Hemp is an annual plant that goes through its life cycle once a year, even if that life cycle takes only two to six months to complete. This is a result of the duration in which it is exposed to sunlight in nature. A hemp plant will only undergo vegetative growth when bathed in sunlight for over 12 hours a day, believing it to be spring and summertime. Otherwise, it will go straight to flowering when the plant detects less than 12 hours of sunlight a day, as the plant will believe that winter is coming.
Equipped with the right tools, indoor growers like you can have control over these factors to reproduce optimal climate conditions, and grow and harvest hemp year-round.
The Grow Cycle
The four distinct stages in a hemp plant life cycle include germination, seedling, vegetative, and flowering.
During the germination stage, the seed will develop a taproot upon detecting moisture to establish itself in the grow medium. Once the plant can stabilize itself it will push its main stem above ground, expose its first seed leaves, and transition to the next stage.
The seedling stage starts once the plant senses that the above and below ground environments are ideal for growth. The plant will then focus on establishing its root structure to prepare for nutrient and water intake. Establishing the root structure takes about one to two weeks to complete and is crucial for the plant’s vegetative growth. Once the root structure is in place, the plant will enter the vegetative stage.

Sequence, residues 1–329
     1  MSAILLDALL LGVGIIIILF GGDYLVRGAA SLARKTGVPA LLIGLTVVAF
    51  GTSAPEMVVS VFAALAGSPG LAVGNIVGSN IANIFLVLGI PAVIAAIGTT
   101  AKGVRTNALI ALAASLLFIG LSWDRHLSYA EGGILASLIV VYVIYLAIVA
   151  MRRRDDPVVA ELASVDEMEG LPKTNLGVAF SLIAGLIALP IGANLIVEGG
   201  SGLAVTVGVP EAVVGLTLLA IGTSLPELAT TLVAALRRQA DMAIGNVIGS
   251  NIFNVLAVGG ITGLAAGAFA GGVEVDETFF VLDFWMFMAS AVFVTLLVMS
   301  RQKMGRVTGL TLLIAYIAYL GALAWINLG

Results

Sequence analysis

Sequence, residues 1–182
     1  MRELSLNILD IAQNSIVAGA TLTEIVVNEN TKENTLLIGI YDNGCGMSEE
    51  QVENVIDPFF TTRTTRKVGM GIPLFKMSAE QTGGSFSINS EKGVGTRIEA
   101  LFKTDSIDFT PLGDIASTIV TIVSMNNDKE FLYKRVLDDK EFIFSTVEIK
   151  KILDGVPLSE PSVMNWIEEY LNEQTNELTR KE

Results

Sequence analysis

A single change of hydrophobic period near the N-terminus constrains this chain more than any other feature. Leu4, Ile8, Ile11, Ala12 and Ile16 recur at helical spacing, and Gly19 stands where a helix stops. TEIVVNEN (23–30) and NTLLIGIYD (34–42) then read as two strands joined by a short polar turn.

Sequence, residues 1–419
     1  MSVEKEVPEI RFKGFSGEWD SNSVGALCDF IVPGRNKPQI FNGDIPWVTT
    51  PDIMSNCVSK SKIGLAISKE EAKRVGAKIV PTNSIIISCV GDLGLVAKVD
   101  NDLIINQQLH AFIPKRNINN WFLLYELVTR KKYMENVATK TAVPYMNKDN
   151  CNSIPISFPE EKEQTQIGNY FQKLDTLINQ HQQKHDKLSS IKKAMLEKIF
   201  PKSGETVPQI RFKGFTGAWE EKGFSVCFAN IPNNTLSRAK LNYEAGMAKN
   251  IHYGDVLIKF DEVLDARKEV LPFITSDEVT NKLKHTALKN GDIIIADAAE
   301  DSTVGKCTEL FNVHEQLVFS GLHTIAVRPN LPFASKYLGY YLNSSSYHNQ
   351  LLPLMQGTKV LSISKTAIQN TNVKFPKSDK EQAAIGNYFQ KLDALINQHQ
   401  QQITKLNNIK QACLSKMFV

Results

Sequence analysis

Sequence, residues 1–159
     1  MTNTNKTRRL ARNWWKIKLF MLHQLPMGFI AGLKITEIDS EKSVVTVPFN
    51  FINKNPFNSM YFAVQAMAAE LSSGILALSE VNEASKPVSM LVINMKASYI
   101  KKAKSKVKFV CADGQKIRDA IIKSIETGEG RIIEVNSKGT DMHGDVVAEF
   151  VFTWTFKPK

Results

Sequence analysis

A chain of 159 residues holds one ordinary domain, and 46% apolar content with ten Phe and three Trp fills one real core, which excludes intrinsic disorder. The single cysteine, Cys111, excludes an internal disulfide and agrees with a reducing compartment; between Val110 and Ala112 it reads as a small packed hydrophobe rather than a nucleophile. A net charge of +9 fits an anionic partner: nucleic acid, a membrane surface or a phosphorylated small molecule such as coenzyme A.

The vegetative stage signals explosive stem and leaf growth above ground. If provided with over 12 hours of light a day, the plant will continue to grow uninhibited. This stage is best aided with the use of a nitrogen-rich fertilizer, which is the main nutrient the plant needs for new stem and leaf development. Once it has reached your desired size, reducing light exposure to 12 hours a day or under will advance your plant into the flowering stage.
The flowering stage is split into two sub-phases. The first half is the pre-flowering phase, or “final stretch”, when the plant will experience a growth spurt, resulting in a 50-100% increase in its height. Near the end of the final stretch, you will be able to tell the plant’s sex by its emerging nodes at the branching-off points. The plant then transitions into its second sub-phase, when white pistils start to appear on its nodes and ends of stems if the plant is female. If the plant is male, pollen sacs will appear on its nodes and end of stems instead.
Female and Male Plants
Female plants will produce flowers and buds that are rich in trichomes containing THC and CBD. Their flowering stage will take anywhere from two to four months for the buds to fully ripen, depending on the strain. To improve the yield, the fertilizer used up to this point will need to be exchanged with one that is high in phosphorus, which helps develop larger buds. Female plants can not only produce buds but also seeds when pollinated by male plants. Doing the latter, however, will also lower its trichome production.
When male plants mature their pollen sacs will develop larger and eventually open up to spread their pollen in as little as one month after the final stretch. Having male plants around to pollinate female plants will yield seeds to grow more hemp plants. But if your goal is to produce trichome rich buds, then male plants should immediately be removed from your grow space when detected.
One less common type of hemp is the ruderalis, or auto-flowering variety, which grows differently from the common light-sensitive, or photoperiod variety. Unlike standard hemp plants, auto-flowering plants will go through its entire life cycle regardless of how much lighting it gets each day.